Colman Domingo

Candyman

05/09/21

Cineworld

Horror remakes can be decidedly tricky customers. Like those endless Halloween sequels, for instance, they can turn out to be pale retreads of a brilliant original. I have good memories of Bernard Rose’s 1992 Candyman, which was so much more than just another creepy slasher movie. That said, I’m also uncomfortably aware it had its own slew of inferior sequels, so I’m not exactly filled with anticipation at the prospect of Candyman 2021. But, with Jordan Peele attached as producer, I’m hopeful that this new offering from director Nia DaCosta might have something different to offer.

It’s clear from the get-go that this is intended to be more than just a straightforward reboot. For one thing, the opening credits (even the Universal logo) are reversed left to right, as though reflected in a mirror – a delightful reference to the film’s central premise – and then the startlingly stylistic cinematography takes a grip on my senses, aided and abetted by delightful shadow-puppet sequences, depicting the history of the film’s infamous urban legend. There’s also a powerful ‘black lives matter’ subtext running through this version. Some critics have derided it, claiming that it is hammered home a little too forcefully, but I disagree. The message is an important one and it’s clearly stated. It adds to, rather than reduces, the power of the story. And that has to be a good thing, right?

Twenty-seven years after the events of the first film, visual artist Anthony McCoy (Yahya Abdul-Mateen II) is living in a swish high-rise apartment in the area of Chicago that borders the old Cabrini Green housing project where the original Candyman strutted his grisly stuff. This part of the city has been gentrified over the years and now, Anthony and his art-dealer partner, Brianna (Teyonah Parris), spend their time sipping expensive wine and attending flashy art exhibitions. But Anthony has lost his painting mojo. It’s been some time since he came up with anything new.

When Brianna’s younger brother, Troy (Nathan Stewart-Jarrett), tells him about an old urban legend, Anthony is interested enough to wander into Cabrini Green with a camera, looking for inspiration. It’s there that he meets William Burke (Colman Domingo), who tells him more about the story of the Candyman. And it’s there too that Anthony is stung by a bee and begins to experience some startling reactions to the venom…

Cinematographer John Guleserian creates a world where everything seems inverted. The sinister glass towers of Anthony’s home are depicted upside down as though plunging into sinister depths, rather than reaching for the sky. Much of the ensuing action is glimpsed via reflections in mirrored surfaces – and one sequence where an art critic is murdered in her high rise apartment, filmed in a distanced silent long shot actually makes me gasp. I have been made to feel like a helpless observer. The film doesn’t shy away from its slasher roots either. There are some genuinely wince-inducing murders and a couple of instances of extreme body horror that almost have me looking away from the screen. But the violence, though savage, never feels salacious – and DaCosta has the canny knack of knowing exactly when to cut away from the action.

Ultimately, this feels like a palpable win, a film that treats the original with reverence but also manages to develop the story in coherent and inventive ways. The stylish art direction adds a dazzling sheen to the whole enterprise. There’s also a wonderful joke in here that provides, once and for all, the definitive answer to an age old question: ‘Why do people in horror movies go wandering down staircases into dark and gloomy cellars?’ I won’t reveal what happens but, in the midst of all the dread, it actually makes me laugh out loud.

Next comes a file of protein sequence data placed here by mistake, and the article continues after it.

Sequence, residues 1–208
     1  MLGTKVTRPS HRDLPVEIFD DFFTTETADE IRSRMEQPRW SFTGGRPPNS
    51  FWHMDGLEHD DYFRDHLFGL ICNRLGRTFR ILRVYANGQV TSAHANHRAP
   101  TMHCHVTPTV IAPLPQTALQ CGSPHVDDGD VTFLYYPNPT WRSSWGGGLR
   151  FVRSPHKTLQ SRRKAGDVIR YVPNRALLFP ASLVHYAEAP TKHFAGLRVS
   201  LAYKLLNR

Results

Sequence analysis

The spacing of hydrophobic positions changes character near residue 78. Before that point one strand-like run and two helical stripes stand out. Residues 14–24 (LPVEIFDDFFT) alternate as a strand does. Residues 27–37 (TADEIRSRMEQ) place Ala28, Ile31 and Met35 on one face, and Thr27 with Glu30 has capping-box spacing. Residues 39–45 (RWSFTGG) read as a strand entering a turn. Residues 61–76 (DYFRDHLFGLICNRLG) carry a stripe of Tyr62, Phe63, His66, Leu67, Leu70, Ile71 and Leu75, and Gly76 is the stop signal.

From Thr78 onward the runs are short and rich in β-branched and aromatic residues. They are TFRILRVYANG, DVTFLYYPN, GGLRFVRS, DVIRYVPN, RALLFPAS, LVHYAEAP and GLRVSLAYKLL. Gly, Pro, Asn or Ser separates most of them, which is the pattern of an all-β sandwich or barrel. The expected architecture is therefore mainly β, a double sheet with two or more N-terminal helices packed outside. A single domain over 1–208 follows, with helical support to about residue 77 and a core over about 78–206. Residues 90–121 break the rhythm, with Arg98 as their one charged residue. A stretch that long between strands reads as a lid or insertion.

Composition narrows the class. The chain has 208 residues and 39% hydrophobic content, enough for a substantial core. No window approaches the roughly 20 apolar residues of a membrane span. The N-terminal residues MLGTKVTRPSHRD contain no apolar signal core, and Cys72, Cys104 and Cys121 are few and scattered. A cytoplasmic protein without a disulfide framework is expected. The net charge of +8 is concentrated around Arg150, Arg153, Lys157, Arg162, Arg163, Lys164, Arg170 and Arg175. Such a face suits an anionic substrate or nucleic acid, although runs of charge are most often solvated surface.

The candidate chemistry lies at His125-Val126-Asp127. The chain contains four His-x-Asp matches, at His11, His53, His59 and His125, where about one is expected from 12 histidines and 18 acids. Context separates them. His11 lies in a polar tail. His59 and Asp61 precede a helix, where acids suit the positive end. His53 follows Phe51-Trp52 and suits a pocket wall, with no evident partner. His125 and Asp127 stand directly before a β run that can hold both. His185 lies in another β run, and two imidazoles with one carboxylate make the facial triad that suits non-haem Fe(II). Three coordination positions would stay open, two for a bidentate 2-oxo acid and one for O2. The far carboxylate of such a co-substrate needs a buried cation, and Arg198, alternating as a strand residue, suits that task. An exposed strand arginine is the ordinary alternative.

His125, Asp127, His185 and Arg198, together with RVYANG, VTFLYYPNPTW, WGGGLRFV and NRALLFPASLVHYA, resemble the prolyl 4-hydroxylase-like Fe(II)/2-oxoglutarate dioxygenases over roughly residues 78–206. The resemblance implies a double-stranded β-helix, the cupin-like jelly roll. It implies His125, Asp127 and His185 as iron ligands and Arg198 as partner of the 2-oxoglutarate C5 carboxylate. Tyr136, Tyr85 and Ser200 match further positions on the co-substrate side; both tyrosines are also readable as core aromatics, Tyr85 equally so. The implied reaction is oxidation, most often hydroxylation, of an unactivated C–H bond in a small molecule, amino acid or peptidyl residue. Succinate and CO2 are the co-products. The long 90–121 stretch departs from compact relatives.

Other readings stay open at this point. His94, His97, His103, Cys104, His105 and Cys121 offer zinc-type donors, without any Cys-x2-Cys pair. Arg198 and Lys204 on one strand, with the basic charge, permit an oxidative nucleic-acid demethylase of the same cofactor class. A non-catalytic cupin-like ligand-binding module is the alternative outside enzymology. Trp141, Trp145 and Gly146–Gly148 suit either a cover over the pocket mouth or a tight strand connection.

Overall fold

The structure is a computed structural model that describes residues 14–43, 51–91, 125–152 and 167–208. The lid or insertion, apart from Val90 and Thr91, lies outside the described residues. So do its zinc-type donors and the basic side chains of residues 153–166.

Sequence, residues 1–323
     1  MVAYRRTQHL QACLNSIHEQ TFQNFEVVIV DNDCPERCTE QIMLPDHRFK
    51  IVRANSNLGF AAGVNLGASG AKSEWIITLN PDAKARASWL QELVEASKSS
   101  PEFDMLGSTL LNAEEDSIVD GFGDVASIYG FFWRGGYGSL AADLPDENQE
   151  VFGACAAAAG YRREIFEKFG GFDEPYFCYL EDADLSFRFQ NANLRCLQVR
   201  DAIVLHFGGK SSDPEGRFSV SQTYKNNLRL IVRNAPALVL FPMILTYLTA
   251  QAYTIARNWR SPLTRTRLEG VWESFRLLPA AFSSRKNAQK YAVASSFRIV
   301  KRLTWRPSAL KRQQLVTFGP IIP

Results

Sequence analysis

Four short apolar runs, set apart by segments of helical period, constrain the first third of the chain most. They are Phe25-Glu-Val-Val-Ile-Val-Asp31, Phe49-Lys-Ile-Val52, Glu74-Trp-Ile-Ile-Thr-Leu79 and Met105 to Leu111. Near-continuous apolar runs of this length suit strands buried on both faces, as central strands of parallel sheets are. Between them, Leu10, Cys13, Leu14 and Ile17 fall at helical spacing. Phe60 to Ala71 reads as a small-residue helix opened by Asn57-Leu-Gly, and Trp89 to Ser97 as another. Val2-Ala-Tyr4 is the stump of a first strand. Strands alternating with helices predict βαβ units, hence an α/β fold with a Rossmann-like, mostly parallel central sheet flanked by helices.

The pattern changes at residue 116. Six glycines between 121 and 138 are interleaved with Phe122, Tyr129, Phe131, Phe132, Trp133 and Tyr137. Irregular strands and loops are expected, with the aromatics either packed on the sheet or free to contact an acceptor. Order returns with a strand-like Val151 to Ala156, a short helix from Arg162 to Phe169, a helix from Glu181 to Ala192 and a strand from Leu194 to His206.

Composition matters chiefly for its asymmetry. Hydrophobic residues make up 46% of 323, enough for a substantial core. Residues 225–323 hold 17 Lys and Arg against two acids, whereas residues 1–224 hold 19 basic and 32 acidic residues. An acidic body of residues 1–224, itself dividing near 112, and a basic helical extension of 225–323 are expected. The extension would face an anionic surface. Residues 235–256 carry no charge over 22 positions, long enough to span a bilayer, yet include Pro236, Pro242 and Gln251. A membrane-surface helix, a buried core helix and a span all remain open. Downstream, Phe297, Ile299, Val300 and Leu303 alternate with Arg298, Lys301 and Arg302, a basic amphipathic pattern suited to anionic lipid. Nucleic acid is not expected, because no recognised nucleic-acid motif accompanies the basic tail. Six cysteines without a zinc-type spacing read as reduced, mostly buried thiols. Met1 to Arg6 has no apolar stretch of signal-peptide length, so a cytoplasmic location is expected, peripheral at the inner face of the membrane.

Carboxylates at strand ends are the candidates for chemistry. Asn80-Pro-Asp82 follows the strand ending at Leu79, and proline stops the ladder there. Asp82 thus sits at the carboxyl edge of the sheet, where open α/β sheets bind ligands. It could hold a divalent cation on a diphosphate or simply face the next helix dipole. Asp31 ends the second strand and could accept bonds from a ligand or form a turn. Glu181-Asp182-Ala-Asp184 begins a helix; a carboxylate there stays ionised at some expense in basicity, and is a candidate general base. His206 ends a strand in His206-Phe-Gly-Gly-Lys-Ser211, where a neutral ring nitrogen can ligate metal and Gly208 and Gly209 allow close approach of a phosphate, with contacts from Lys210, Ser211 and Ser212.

There will always be reboots of popular horror movies and many of them won’t be worth the price of admission. But this one, I feel, is a cut above.

4.6 stars

Philip Caveney

Ma Rainey’s Black Bottom

20/12/20

Netflix

The chances are you’ve never heard of Ma Rainey before: I know I hadn’t.

A quick glance at Wikipedia confirms that she was one of the earliest African-American blues singers, an entrepreneur who started her career on the Southern Vaudeville circuit in the early nineteen hundreds and who, through the twenties, became known as ‘Mother of the Blues.’ As the decade rolled on, she made a series of recordings, which introduced Blues music to a new – predominantly white – market.

It’s summer 1927 and Ma (Viola Davis) has ventured North to Chicago to lay down some tracks for the Paramount record label at the urging of her white manager, Irving (Jeremy Shamos). Her musicians duly arrive to back her up, among them a young and ambitious horn player, Levee (Chadwick Boseman). Unlike the other members of the band, he senses that the wind of change is in the air and that America is developing a new taste for jazz stylings. He’s eager to be a part of it. His fellow musicians, Toledo (Glynn Turman), Cutler (Colman Domingo) and Slow Drag (Michael Potts), urge him to toe the line. Ma is a tough cookie and he’d do well to do as she tells him, but he’s got his own reasons for wanting to spread his wings…

Director George C. Wolfe offers a lean, powerful adaptation of August Wilson’s original play, which is essentially a lament for the way in which prosperous white record producers continually took vibrant black music and bent it to their own whims, earning vast sums of money into the bargain – little of which went to the original artistes. In the titular role, Davis offers a brooding, snarling study of a embittered woman who knows only to well how her music is being stolen from her and who steadfastly refuses to lick the boots of the men who are taking it – even haranguing them when they neglect to offer her chilled Coca Cola in the sweltering confines of the studio.